Conclusion

Tradable water entitlements exist only when the benefits and costs associated with the entitlements are well defined and there are regimes that facilitate entitlement transfers with appropriate constraints. In general, the greater the heterogeneity among entitlements the greater buyers' searching costs and other transaction costs, since markets operate most efficiently when the commodity being allocated is homogeneous (Howe et al. 1986). The non-uniformity of entitlements arrangements within and across jurisdictional boundaries will lead to market distortions, which may result in undesirable social, economic and ecological outcomes.

Markets increase economic efficiency by allocating resources to the most valuable uses. For market forces to work, property rights to water must be legally defined as enforceable, fully specified, exclusive, and transferable. Trading is only one way to provide incentives to right holders, and not all licensed property rights encourage trading to the same degree (Raymond 2003). "Water problems involve such diverse interests, uses, and values that sorting them out relies on legal and political institutions more than markets" (Bauer 1997, p. 640). Markets cannot substitute for overtly legal and political processes. The key difference/inconsistency between the legal frameworks of water managing jurisdictions has impeded the ability of the government to change the structure of existing water property rights. It seems unlikely that unified forms of property rights and governance arrangements would evolve without first passing through a comprehensive system of water access entitlements in a society that shares the same water resources.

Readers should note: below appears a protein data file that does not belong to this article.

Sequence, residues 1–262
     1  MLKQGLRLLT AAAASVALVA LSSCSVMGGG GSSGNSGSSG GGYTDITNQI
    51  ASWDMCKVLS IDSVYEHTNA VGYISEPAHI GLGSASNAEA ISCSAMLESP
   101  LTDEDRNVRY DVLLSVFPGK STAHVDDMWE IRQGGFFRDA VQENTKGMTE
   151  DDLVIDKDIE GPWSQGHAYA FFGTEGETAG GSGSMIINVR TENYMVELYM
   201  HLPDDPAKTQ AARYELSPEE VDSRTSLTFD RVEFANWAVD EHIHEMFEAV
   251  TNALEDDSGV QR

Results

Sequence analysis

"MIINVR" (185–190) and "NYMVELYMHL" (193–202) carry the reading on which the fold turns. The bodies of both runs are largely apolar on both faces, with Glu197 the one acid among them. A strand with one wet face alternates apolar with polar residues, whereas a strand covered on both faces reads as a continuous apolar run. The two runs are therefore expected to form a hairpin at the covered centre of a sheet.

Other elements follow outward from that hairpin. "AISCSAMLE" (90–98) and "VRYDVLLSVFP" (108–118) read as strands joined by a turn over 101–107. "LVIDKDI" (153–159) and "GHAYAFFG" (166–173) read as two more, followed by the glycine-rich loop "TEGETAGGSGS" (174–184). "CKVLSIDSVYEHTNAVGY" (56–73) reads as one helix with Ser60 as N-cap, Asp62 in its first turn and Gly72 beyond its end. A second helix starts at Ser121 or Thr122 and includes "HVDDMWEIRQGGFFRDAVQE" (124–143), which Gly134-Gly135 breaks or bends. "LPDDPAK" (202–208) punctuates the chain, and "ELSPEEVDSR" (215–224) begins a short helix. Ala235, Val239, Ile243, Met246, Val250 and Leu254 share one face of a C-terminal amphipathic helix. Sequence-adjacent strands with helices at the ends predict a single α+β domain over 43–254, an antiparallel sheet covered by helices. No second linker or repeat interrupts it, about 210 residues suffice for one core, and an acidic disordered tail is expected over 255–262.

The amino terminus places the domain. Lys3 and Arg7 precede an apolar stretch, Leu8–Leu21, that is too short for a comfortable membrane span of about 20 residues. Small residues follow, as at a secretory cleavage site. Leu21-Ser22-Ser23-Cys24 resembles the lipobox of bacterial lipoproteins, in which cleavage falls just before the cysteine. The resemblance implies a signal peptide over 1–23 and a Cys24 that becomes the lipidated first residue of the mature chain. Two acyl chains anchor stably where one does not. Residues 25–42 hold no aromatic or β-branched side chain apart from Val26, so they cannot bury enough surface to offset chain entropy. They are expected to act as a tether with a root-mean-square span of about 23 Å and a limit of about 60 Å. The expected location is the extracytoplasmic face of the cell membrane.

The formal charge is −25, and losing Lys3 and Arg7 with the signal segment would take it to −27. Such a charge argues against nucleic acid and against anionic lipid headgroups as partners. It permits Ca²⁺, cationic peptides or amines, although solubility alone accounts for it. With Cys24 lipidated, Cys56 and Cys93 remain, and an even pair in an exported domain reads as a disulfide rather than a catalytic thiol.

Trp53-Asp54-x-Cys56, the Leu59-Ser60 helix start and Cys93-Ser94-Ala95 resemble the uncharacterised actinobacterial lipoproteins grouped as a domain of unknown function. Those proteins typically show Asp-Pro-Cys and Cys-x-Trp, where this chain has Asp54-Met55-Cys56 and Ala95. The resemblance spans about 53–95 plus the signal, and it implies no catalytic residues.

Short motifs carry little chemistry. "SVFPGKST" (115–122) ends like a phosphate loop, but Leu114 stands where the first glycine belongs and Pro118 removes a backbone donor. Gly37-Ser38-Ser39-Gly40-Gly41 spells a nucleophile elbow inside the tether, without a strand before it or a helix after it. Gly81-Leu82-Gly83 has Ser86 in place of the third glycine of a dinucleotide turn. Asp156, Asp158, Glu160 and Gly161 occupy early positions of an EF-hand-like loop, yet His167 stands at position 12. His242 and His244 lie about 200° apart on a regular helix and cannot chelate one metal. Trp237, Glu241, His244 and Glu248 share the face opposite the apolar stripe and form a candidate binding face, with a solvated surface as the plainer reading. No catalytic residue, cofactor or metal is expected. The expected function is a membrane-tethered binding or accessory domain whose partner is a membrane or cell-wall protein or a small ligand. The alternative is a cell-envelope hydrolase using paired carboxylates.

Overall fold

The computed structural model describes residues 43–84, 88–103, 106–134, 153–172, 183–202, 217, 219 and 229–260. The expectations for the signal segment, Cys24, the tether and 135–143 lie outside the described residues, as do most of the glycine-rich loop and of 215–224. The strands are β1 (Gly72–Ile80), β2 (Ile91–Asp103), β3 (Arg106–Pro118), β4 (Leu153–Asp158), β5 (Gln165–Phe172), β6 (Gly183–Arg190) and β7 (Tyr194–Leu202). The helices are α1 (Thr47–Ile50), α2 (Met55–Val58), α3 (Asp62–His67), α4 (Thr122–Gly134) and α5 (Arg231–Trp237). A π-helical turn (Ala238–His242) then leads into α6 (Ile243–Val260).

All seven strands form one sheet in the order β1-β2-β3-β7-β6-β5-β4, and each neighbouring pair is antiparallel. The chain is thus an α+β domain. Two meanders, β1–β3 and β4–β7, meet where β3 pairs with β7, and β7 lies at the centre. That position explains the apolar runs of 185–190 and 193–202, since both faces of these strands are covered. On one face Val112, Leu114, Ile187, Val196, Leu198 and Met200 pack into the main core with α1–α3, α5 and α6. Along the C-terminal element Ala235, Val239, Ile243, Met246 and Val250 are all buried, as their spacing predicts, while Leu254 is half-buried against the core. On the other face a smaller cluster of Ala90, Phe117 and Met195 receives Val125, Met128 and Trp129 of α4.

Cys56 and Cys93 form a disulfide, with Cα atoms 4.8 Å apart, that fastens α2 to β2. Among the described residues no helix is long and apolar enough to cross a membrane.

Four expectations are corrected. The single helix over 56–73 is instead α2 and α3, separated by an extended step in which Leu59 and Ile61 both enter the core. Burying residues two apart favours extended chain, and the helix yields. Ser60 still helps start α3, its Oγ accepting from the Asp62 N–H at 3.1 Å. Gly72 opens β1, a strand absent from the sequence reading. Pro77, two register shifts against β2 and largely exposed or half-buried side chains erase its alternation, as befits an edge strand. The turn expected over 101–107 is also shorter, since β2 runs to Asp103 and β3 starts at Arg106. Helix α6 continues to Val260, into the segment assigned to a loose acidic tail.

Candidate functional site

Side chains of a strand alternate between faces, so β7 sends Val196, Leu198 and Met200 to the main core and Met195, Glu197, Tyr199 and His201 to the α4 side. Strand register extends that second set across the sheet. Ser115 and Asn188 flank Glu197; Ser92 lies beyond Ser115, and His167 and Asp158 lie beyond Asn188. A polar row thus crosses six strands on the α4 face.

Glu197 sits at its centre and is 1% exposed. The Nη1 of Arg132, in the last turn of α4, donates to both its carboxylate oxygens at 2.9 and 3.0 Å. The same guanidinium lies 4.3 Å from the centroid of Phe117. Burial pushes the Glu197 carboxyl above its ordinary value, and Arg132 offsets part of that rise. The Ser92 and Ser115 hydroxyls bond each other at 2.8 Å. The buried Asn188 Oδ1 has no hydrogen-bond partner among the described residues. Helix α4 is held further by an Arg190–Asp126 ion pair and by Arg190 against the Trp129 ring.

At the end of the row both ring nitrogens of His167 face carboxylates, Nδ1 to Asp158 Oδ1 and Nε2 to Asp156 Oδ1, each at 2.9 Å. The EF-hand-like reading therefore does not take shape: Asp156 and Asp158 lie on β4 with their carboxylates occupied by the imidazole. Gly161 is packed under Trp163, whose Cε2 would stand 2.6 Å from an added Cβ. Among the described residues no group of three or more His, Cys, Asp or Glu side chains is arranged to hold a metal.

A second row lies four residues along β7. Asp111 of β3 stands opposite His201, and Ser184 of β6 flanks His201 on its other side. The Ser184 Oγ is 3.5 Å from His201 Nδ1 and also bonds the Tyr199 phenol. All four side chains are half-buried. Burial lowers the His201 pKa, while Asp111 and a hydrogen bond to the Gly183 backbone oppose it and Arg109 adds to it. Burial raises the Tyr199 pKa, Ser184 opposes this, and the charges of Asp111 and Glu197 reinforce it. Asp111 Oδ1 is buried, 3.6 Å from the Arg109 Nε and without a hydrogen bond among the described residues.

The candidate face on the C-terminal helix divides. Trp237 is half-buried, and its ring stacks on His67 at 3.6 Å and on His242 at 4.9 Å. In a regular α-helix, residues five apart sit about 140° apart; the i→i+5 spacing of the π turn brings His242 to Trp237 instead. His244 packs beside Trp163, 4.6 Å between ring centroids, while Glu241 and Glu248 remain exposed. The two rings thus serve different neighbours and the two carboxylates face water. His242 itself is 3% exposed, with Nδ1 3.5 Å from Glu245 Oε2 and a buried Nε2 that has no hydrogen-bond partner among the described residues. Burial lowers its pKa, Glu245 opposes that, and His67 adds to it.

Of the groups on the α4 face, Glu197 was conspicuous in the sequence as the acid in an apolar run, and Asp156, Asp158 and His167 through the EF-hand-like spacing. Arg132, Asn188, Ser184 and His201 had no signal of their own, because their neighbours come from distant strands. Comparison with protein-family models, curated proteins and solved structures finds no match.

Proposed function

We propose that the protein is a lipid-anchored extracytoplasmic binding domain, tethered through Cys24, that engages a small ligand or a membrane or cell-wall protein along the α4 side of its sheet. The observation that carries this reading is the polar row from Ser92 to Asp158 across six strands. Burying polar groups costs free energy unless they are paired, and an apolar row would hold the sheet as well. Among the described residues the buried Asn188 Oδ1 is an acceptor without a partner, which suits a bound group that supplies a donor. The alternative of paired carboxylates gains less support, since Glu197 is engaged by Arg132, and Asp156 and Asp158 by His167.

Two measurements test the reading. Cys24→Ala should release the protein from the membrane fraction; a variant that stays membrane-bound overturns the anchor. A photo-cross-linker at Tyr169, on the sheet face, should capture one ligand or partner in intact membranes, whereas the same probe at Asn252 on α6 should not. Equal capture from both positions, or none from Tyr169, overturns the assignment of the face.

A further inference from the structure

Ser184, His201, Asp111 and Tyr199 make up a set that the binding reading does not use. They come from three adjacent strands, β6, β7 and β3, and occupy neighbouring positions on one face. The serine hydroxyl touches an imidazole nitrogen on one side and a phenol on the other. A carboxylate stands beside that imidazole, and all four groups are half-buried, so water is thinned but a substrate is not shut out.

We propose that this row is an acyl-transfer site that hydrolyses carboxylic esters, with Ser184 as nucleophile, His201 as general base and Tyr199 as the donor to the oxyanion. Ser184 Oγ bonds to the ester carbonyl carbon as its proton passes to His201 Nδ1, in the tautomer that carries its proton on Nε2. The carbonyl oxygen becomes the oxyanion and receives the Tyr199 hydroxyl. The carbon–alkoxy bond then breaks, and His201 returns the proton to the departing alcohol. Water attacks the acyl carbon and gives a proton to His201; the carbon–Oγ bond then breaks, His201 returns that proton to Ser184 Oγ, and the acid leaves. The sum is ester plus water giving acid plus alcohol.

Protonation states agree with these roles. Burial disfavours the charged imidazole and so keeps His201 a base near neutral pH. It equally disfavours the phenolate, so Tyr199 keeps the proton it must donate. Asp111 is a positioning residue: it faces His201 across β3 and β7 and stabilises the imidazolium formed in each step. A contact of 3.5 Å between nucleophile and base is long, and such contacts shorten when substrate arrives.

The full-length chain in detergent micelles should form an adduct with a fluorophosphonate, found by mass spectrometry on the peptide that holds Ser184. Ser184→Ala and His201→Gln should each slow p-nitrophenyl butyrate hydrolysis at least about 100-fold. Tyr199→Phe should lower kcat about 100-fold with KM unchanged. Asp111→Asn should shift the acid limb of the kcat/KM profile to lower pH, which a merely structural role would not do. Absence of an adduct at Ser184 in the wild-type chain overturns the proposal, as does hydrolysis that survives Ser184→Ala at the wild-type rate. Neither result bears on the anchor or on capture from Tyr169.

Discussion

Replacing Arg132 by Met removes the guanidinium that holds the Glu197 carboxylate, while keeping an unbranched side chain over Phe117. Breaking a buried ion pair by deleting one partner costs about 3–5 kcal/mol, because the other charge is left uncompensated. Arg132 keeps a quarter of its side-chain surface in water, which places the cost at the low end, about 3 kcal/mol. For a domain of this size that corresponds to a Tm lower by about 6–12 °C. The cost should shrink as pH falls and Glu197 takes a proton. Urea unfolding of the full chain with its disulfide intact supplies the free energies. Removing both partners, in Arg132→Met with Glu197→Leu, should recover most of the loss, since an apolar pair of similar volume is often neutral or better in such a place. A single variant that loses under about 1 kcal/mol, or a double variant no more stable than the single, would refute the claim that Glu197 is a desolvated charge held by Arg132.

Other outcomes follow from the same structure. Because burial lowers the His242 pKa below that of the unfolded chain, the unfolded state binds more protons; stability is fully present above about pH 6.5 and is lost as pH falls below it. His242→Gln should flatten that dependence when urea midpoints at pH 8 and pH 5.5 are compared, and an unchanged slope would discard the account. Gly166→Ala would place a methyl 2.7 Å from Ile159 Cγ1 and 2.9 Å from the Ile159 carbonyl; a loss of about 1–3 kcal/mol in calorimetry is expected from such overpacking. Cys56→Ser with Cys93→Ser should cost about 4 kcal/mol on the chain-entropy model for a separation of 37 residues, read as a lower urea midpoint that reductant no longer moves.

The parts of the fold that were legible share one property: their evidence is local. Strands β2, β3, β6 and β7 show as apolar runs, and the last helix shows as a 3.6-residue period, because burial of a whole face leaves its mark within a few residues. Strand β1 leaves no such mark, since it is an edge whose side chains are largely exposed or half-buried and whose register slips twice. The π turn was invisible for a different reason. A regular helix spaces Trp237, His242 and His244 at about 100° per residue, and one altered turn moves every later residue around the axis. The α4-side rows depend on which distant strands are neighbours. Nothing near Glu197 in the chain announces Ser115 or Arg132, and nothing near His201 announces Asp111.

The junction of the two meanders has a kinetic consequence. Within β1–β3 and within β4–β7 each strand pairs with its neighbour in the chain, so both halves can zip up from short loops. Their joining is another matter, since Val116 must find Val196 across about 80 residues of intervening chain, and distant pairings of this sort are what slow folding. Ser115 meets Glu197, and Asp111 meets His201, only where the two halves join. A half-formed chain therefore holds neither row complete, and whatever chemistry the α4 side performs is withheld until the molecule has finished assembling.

An essential component of sustainable water resource planning and policy is a comprehensive classification framework for water access entitlements that accurately accounts for different water uses/users for consumptive and non-consumptive purposes. It is envisaged that this classification framework has the potential to significantly improve the compatibility of existing water access entitlements arrangements across all water use types at a variety of scales in the MDB. Due to the risk-averting behaviour of individual farmers, future water resource planning must incorporate a comprehensive approach to integrating social, environmental and economic dimensions, and must guarantee greater levels of local involvement and transparency.

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